Public Events Schedule
11: 30 AM
Gladfelter, Canon Lounge
LIAM CALLANAN: Distraction, Displacement, and Discourse: On Dialogue in Poetry and Fiction

When writers talk about talking we often focus on how: how do we get voices to converse effectively on the page? The talk then often turns to paradoxes: how natural dialogue often requires great artifice; how, in narrative, dialogue should advance the story without telling the story; how, above all, dialogue-related adverbs should be used sparingly. But what about the what? What does

dialogue do to, or for, a text? We’ll talk mechanics but then delve deeper to sort out what happens when authors allow characters to speak: what’s conveyed, what’s concealed, and what, in the end, does effective dialogue sound like—and look like—on the page? For answers, we’ll listen to a diverse array of voices, ranging from Theocritus—the ancient Greek poet who, it’s been argued, invented fiction—to Robert Frost and Louise Glück, as well Toni Morrison, Alice McDermott, and Jenny Offill. And because (as I’ll argue) mystery is essential to good dialogue, we may take a look at a mystery author or two as well. Handouts (with bibliography) provided; no prior reading necessary.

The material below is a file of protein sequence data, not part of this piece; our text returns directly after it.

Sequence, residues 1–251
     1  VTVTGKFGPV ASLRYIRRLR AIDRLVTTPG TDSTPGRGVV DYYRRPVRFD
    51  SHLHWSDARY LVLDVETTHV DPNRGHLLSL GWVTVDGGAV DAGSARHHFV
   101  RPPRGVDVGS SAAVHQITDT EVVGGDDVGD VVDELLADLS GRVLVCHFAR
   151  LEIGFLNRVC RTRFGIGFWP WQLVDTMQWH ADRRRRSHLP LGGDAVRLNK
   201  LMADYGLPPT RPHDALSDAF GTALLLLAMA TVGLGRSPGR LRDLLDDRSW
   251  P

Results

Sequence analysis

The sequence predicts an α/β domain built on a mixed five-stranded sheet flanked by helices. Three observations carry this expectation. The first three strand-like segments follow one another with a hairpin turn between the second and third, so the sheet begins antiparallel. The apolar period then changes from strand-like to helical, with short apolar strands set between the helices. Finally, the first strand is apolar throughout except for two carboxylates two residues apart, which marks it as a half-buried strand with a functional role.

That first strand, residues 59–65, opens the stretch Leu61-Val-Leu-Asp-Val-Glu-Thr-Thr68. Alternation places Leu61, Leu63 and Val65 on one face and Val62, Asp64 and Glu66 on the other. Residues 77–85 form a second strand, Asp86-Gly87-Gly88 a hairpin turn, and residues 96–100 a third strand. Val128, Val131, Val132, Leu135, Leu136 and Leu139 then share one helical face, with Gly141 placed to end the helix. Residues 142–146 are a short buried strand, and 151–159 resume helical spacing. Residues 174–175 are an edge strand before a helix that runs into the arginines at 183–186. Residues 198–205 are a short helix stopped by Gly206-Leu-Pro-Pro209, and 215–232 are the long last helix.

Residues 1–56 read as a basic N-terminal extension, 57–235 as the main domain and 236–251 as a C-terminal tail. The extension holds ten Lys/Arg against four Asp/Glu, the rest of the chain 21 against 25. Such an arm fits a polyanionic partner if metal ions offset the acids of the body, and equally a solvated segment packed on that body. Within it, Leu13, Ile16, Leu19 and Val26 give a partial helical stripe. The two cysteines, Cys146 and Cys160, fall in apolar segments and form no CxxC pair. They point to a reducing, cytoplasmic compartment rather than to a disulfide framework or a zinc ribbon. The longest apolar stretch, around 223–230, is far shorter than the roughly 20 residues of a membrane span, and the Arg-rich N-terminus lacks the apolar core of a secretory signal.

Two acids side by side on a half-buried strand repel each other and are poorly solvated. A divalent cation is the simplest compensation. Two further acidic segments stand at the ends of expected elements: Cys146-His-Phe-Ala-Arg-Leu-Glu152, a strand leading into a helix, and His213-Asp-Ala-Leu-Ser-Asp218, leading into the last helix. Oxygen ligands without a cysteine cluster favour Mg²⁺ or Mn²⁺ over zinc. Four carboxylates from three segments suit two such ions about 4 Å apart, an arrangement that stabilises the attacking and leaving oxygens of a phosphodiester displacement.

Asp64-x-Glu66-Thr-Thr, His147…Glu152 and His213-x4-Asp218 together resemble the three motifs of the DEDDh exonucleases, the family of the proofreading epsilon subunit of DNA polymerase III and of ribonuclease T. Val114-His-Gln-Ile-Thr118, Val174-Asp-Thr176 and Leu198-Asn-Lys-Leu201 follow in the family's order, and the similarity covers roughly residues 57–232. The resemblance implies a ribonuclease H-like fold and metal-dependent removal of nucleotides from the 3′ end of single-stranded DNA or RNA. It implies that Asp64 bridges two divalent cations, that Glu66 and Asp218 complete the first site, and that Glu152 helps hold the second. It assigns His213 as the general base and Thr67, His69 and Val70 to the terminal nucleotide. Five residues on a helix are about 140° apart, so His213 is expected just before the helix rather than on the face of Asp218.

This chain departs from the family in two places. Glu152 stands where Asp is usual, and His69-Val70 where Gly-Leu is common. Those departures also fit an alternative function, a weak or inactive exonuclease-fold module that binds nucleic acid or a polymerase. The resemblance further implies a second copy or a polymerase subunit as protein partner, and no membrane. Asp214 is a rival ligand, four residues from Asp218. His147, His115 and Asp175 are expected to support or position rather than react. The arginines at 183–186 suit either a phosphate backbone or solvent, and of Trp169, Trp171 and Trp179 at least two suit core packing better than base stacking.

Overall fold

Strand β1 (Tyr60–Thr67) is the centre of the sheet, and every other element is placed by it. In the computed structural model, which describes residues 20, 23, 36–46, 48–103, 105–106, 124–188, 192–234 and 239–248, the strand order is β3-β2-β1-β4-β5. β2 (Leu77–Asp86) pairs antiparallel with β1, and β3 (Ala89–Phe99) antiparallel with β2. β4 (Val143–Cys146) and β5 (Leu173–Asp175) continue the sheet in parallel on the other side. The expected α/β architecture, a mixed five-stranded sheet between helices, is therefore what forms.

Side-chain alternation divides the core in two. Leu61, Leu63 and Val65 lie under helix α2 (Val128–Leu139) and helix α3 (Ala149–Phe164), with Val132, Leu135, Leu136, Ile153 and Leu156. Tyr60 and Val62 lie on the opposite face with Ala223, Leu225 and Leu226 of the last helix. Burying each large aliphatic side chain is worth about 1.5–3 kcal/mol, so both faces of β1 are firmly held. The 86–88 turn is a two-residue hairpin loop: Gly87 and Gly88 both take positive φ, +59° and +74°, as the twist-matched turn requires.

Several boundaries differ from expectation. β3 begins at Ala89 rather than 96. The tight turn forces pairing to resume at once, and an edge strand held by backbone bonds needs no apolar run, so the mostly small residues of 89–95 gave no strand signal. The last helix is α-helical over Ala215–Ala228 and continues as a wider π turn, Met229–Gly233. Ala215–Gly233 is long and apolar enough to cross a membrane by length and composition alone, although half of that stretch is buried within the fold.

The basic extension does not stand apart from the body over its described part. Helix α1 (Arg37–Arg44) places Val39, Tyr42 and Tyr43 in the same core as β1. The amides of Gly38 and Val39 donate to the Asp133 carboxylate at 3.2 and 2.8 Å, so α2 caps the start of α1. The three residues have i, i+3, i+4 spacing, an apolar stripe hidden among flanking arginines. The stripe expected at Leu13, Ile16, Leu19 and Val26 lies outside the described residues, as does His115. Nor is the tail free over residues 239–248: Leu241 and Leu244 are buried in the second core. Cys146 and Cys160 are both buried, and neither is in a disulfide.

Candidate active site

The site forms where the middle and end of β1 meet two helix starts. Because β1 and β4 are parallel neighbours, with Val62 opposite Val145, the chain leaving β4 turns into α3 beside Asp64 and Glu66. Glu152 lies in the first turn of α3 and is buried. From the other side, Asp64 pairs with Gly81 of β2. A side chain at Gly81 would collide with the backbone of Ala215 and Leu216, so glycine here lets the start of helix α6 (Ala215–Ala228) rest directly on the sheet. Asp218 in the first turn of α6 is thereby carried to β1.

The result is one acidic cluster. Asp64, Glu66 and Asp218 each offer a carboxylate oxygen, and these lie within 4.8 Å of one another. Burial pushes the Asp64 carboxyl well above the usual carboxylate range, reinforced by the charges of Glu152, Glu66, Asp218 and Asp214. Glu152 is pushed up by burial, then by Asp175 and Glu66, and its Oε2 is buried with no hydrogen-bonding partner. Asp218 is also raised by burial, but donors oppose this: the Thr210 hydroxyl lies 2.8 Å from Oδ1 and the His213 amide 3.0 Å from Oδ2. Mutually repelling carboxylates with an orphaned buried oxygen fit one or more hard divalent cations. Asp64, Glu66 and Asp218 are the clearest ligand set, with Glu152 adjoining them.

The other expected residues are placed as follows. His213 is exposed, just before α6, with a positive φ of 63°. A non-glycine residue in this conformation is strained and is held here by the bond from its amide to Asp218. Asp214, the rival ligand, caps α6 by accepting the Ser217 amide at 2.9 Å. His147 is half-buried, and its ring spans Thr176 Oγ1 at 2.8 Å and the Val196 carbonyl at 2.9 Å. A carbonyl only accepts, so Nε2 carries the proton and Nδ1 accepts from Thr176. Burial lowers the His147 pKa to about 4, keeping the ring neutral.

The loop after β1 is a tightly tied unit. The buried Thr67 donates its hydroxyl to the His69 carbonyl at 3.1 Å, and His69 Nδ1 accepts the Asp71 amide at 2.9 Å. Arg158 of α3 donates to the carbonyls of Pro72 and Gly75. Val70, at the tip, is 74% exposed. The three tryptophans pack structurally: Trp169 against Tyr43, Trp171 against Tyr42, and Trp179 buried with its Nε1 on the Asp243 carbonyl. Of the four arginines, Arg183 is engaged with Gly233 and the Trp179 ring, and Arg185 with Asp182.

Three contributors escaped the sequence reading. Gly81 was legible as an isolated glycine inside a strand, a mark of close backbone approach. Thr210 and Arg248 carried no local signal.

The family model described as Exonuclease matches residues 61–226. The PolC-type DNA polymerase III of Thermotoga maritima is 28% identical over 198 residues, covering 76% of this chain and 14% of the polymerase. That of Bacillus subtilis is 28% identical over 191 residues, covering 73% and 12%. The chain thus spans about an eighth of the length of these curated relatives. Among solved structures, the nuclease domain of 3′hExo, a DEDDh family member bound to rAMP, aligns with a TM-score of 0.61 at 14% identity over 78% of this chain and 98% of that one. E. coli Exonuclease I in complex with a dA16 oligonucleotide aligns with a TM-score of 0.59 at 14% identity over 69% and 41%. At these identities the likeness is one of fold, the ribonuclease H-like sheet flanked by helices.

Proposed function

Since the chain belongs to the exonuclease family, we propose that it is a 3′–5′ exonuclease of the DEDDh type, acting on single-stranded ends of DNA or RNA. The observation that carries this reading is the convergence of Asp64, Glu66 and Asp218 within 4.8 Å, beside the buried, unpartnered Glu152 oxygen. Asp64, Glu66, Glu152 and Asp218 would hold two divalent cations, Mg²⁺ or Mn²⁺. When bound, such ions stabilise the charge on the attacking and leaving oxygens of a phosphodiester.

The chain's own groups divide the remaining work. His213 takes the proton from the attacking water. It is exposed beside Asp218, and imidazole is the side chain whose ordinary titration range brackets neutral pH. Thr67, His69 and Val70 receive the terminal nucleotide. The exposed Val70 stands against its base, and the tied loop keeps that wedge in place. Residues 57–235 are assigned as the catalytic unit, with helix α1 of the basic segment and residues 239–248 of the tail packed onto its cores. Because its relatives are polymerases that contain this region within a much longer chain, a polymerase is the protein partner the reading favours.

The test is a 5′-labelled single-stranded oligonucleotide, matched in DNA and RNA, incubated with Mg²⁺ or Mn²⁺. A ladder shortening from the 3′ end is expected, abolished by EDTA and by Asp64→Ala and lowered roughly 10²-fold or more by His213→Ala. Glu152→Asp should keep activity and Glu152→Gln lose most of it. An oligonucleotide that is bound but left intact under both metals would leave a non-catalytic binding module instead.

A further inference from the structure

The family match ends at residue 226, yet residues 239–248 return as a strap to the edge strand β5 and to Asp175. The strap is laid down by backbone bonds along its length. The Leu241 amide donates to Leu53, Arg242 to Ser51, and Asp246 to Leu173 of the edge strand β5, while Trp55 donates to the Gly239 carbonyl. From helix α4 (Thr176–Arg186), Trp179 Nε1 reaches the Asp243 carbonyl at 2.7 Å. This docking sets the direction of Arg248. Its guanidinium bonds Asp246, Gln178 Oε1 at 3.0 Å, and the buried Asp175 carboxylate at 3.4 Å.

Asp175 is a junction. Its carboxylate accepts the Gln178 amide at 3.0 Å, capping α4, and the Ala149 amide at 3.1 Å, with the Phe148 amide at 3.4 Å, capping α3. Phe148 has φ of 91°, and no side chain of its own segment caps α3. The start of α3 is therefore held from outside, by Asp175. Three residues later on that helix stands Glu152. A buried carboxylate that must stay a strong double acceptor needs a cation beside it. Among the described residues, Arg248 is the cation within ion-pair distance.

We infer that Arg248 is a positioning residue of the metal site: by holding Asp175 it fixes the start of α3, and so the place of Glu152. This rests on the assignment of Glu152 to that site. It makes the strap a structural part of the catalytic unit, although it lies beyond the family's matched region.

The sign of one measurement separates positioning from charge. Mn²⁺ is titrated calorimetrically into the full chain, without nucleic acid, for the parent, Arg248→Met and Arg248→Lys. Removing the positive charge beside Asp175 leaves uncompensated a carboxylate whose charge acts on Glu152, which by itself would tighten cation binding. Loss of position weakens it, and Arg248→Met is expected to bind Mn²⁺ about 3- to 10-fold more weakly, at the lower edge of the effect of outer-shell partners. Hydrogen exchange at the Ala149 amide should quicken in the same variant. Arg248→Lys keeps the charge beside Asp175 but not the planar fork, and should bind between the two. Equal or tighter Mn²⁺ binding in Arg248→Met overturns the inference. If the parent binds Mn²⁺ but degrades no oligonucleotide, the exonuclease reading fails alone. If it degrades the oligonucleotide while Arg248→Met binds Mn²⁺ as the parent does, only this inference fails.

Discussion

(Full audio for all residency lectures will be available in the MFA Store in February:


Then join us at 8:15pm in Gladfelter, Cannon Lounge for a reading featuring faculty members:

Dean Bakopoulos

Marianne Boruch

Michael Parker

Stephen Dobyns

For more information, including a full schedule of public events, please visit the program website at

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